GOOD Books is a weekly round-up of what we're reading and what we wish we were reading.
This has been the year of riots, from the earliest days of the Arab Spring in mid-January to the events in London over the past week. But riots are hardly a 21st-century invention: people across the world have rioted throughout history when they conclude they can't get the government's attention any other way.
Tell all your friends to spread the word far and wide: The Telecomix News Agency, an organization dedicated to informing the public about internet freedom issues, is now providing dial-up modem service to Egypt. Yesterday, the embroiled nation's government shut down all high-speed web service when it was discovered that protesters were galvanizing via e-mail and social networking sites.
The number is +46850009990, and Telecomix is also asking anyone able to provide more modem service to do so. Go here to find out how.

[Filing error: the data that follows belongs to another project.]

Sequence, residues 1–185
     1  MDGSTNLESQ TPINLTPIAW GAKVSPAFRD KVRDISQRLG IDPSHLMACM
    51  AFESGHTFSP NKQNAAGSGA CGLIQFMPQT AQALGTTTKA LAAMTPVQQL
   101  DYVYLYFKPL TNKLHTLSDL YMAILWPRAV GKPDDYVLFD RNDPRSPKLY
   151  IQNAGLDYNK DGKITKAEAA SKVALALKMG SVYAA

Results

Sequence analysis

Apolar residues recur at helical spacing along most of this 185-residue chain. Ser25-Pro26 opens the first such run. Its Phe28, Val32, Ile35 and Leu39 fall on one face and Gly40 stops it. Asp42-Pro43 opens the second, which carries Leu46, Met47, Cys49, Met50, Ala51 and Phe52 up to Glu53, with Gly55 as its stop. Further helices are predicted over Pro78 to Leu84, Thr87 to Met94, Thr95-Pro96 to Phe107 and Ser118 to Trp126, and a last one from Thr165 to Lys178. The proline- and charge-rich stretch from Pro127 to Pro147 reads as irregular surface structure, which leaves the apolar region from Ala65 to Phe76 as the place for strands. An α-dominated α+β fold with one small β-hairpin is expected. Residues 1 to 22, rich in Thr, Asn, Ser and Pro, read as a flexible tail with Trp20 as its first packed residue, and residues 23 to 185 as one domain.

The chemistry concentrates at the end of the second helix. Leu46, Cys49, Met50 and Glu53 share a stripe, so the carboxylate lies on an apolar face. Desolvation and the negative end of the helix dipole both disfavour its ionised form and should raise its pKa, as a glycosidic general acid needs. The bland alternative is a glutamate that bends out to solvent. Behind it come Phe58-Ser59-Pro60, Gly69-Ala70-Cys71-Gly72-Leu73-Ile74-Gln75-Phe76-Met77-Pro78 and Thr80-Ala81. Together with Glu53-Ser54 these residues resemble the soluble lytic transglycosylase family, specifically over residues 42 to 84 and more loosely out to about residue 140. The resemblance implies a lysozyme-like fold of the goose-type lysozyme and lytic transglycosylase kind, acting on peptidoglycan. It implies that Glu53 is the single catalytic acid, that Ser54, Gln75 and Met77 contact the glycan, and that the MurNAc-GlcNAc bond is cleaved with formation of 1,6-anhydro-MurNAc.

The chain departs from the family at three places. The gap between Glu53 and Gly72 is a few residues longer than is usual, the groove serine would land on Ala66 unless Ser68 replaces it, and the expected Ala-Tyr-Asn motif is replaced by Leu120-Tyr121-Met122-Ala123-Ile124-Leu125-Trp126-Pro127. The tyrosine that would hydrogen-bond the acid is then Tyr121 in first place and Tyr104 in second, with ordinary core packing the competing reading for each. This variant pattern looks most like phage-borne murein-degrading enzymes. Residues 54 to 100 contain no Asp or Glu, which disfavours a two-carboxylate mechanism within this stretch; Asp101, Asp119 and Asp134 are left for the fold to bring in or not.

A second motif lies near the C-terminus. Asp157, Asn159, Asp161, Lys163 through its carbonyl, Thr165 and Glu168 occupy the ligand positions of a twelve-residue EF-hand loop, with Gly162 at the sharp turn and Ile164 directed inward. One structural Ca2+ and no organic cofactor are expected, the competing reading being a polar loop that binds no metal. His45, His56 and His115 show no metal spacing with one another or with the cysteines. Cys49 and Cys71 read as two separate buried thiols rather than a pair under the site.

On Wednesday, we told you that world food price levels had entered "danger territory," according to the United Nations Food and Agriculture Organization. The cost of a basket of sugar, grain, and oilseed reached a new high in December, surpassing previous records set in 2008.
In the announcement, two days ago, FAO economist Abdolreza Abbassian was careful to downplay fears that high prices could once again spark food riots, as they did in 2008. However, yesterday brought news of rioters in Algeria chanting "Bring us sugar" while setting fire to tires and smashing street lamps. Simultaneously, the Mexican government invested heavily in maize futures in order to stabilize prices through the third quarter of 2011, in response to the threat of industrial action by the powerful National Union of Millers and Tortilla Makers.